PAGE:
Flag-carrier British Airways is continuing to cut back on its flight programme to avoid problems of cancelled departures and disruption for passengers.
Transport minister Grant Shapps met the airline’s chief executive, Sean Doyle, on Tuesday to discuss the problems faced by the airline.
“He told me they are proactively, in advance, slimming down their programme in order to meet the demand,” Shapps told the transport select committee on Wednesday.
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“He explained the problems were growing pains, in a lot of different directions, very quickly.
“Primarily they are OK with pilots but those on the ground, baggage handlers for example, have been in a very tight employment market.
“We will look for ways to try to assist.”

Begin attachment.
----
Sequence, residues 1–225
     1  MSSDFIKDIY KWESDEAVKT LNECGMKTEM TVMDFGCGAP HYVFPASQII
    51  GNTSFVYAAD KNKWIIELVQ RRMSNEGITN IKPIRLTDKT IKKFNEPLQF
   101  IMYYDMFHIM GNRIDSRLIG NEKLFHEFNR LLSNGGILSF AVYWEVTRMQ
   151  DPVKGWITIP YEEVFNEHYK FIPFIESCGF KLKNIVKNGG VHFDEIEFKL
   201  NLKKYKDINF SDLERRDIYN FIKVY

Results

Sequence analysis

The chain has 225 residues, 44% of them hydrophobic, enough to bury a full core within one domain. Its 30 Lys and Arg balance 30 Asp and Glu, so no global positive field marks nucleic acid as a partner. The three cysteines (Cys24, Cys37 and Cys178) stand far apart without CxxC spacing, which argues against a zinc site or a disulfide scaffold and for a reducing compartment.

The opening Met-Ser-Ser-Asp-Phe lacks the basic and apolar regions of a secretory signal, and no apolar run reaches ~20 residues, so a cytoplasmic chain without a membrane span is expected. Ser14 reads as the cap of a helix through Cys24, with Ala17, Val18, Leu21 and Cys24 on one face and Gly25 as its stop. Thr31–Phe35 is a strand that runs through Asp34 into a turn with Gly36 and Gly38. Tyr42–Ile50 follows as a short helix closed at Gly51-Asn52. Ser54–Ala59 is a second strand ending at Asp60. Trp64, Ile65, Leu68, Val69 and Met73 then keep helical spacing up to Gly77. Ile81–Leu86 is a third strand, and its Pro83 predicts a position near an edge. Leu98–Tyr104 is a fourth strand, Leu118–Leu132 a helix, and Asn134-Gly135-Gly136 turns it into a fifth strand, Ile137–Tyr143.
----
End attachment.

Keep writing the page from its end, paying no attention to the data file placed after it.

Shapps was responding to a question from Ben Bradshaw MP, who asked: “BA cancelled nearly 100 flights today in and out of Heathrow. Can you guarantee the British public won’t face a summer of chaos as they did at Easter?”
The minister said he can help with the “bureaucracy” involved with recruiting staff, enabling people to begin training before they have their full security clearance.
A statutory instrument – legislation that does not require an Act of Parliament – will be laid later today.
He described it as a “small Brexit freedom”.
Shapps also said the return of travel was faster than anticipated, thanks to the UK dropping its Covid restrictions quickly earlier this year.
He conceded the point made in the committee’s recent report on aviation that there had been too many changes to Covid rules but said: “In our mitigation, the world was trying to work out how to handle this once-in-100-years event; we had to learn as we went.”
The Financial Times reported that BA will cut flights until the end of June, a month longer than expected.
Doyle told staff on Tuesday that the airline would trim its flight schedules until June “to help inject greater resilience into its operations and make its schedules more reliable”, said the FT.
The airline had previously said it would reduce its schedules until May.
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